10. Tattoo timing
The tattoo on Mike Tyson’s face has become part of popular culture. It has become his own unique symbol, almost iconic and it is now recognised as his logo. In Hollywood, it is associated with his appearances in The Hangover franchise.
However, when Tyson first had the tattoo installed on the left side of his face, he was just a few short weeks away from a fight with Clifford Etienne. “I just thought it was a cool tattoo,” Tyson said years later.
Some considered it as an important fight. They reckoned if he could get by Etienne it would set up a second fight with Lennox Lewis. Regardless, Tyson shocked many in early 2003 when he had the Maori tattoo inscribed. As it turned out, the ink was still wet when Etienne hit the deck after barely half a minute. Tyson said afterwards that he wasn’t ready to fight Lewis and that he ‘wasn’t interested in getting beat up again.”
9. The car crash
During a crazy period in 1988, Tyson was arguably at the height of his fame but seemingly on a path of self-destruction. One night, in upstate New York, he crashed his car into a tree. The mainstream media ran with stories of a possible suicide attempt. There was speculation of a rift with then-wife Robin Givens, which some believed had turned nasty, and there were problems within his team, too.
“They’re trying to make a freak show out of my life, to say I would try to kill myself,” Tyson said. “It’s funny. God, from a little mistake. I can’t believe someone would consider me trying to kill myself. No one loves living more than I do. I got in the car. I always skid off crazy, take off crazy, drive kind of fast. I had just took off. I know something happened but I wasn’t sure. I can’t help if I got into a car accident. These things happen to people. People get into car accidents.”
8. A late punch
Mike Tyson was returning to the ring in October 1999 following his conviction for assaulting two motorists. There was again controversy as the first round ended. After the bell sounded, Tyson dropped former WBA cruiserweight champion Norris with a late left hook. Only moments earlier he had been warned for using the same punch coming out of a clinch.
Norris rose and stumbled back to his corner but cited a damaged right knee and said he could not continue when the second round was due to start. Tyson claimed Norris could have fought on but it was ultimately his late blow that caused the fight to be ended early rather than Norris’s decision not to carry on.
7. Arm-ed and dangerous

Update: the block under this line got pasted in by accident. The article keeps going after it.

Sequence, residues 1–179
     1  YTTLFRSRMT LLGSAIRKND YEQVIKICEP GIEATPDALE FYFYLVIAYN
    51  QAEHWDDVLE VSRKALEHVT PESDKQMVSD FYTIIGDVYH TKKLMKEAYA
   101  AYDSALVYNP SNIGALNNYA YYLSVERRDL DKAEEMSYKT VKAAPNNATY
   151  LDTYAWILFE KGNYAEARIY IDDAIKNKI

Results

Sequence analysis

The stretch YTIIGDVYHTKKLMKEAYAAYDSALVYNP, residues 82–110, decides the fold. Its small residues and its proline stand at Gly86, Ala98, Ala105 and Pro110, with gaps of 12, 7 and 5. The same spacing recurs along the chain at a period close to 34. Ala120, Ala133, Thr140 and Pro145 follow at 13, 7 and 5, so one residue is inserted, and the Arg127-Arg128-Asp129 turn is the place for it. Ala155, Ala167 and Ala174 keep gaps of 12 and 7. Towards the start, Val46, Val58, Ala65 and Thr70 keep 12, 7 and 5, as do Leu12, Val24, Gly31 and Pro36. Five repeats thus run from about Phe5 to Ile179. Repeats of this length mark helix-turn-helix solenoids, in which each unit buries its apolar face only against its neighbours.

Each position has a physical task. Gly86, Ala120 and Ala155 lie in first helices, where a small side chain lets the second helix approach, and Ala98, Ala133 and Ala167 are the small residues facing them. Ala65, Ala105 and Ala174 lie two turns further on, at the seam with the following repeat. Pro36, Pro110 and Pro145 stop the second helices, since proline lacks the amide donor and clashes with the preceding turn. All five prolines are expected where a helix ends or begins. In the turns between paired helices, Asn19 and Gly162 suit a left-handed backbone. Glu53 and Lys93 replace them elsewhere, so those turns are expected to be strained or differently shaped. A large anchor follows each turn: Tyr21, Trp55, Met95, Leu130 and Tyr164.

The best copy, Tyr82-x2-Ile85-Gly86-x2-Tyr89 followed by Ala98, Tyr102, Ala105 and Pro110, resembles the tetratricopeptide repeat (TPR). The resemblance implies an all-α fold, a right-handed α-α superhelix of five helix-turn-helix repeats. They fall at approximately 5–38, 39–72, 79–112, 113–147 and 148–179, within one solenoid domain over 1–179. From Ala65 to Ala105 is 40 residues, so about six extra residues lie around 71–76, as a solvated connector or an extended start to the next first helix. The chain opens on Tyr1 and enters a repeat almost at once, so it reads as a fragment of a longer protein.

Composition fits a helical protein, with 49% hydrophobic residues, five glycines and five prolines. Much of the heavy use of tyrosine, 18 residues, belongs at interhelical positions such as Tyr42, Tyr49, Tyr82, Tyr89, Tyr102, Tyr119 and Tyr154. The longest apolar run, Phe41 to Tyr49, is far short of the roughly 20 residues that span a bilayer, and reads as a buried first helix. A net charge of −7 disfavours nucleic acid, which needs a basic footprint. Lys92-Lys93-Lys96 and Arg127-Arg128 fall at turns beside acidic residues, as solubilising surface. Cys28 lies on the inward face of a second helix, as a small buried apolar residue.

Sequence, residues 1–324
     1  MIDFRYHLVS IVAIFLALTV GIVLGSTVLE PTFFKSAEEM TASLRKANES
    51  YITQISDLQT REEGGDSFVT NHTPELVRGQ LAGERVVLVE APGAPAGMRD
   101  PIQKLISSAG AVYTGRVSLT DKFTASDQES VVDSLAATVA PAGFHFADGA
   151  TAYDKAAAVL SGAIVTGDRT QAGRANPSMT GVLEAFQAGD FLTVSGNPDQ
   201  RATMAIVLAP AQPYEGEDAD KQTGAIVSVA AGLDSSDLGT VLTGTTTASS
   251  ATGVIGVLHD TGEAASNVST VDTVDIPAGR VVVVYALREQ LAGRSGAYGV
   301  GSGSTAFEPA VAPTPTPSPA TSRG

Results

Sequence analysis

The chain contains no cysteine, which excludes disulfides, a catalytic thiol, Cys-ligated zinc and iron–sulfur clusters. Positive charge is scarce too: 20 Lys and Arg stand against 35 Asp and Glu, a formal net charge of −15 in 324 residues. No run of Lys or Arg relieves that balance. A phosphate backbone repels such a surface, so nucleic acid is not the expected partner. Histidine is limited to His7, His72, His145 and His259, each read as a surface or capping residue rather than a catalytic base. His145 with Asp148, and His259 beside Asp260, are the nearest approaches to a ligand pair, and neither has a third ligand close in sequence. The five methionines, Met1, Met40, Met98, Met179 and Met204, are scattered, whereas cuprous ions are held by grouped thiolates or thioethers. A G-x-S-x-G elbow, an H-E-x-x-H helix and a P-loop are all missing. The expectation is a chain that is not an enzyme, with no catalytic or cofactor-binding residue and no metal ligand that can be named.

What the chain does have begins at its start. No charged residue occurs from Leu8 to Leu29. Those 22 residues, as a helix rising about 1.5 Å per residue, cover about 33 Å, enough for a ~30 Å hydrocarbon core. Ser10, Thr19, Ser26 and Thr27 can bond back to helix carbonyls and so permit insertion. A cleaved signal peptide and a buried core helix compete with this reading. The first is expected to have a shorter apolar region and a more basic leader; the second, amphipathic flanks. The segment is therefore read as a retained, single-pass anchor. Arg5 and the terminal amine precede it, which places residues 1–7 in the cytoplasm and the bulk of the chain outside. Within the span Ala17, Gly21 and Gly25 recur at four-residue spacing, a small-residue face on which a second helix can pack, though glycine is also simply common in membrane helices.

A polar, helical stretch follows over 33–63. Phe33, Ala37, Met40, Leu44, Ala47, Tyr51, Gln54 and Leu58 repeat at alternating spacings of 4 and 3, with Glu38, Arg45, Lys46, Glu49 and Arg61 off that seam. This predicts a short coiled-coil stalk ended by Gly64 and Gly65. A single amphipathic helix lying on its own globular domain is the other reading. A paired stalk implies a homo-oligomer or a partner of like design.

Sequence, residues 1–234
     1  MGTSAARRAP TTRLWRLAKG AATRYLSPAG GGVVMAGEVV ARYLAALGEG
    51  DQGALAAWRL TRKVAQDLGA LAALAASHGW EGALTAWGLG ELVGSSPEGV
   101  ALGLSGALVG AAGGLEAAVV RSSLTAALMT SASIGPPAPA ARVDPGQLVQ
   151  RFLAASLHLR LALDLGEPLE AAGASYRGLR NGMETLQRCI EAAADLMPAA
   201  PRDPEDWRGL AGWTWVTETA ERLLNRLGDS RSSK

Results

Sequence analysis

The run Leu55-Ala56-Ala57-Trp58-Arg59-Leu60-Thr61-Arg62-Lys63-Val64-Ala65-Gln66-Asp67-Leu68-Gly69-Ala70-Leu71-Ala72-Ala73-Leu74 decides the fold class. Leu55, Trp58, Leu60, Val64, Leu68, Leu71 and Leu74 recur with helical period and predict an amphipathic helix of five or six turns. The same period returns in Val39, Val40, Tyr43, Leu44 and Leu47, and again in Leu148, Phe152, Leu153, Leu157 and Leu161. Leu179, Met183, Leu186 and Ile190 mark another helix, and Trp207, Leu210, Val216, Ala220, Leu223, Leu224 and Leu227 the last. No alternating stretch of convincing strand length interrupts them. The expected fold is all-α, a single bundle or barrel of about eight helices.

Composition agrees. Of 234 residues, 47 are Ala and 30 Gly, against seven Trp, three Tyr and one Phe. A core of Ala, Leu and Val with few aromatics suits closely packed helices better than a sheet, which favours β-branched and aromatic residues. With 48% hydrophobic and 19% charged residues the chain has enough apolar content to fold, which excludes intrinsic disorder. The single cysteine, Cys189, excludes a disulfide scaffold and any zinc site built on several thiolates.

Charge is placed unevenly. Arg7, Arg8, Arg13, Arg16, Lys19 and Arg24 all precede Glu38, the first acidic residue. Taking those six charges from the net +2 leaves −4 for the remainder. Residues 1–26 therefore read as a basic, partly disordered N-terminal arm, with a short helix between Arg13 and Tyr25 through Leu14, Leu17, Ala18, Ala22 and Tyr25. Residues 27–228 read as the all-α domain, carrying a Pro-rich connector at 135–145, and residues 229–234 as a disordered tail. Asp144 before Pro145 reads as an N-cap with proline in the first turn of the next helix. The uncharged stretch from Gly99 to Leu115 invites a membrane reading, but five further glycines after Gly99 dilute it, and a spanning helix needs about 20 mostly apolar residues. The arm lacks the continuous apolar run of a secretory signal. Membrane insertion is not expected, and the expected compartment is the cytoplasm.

Mike Tyson was looking rusty against the veteran South African bulldog Frans Botha in January 1999. His timing was off and his trademark velocity and explosiveness seemed to have deserted him. With seconds remaining in the first round, referee Richard Steele motioned to separate the fighters from clinching but Tyson had a hold of Botha’s left arm on Steele’s blindside.
Tyson locked it up and went to hyper-extend Botha’s elbow. ‘The White Buffalo’ grimaced and shouted in pain, and Tyson then clocked him with a left hook while ignoring Steele’s calls to stop fighting. The respective corners and security members flooded into the ring and were forced to drag the combatants apart after the bell.
But Tyson found his dynamite in round five, laying Botha out with an emphatic right hand that would rank alongside any of his best shots in his blistering but short prime.
6. Bad vibes in Glasgow
When Mike Tyson visited Scotland in June 2000 to take on countryman Lou Savarese he brought a sinister air of impending conflict with him. Promoter Frank Warren’s eyeball was bloodied as rumours of a literal bust-up with Tyson circulated.
Tyson cut a menacing figure and was far removed from the more jovial version that had visited Manchester to steamroll Julius Francis earlier in the year.
On a damp night inside Hampden Park, Tyson mauled Savarese in just 30 seconds, toppling his countryman with a huge left hook in the opening seconds. Tyson ploughed in with a succession of lefts and rights to finish the job, forcing referee John Coyle to step between them. But Tyson wanted more and he kept going, flooring Coyle with another wild hook as the official tried to break up the action.
Afterwards Tyson, still pumped up, then threatened to eat Lennox Lewis’s unborn children in a typically unorthodox, controversial and crude post-fight interview.
5. The Battle of New York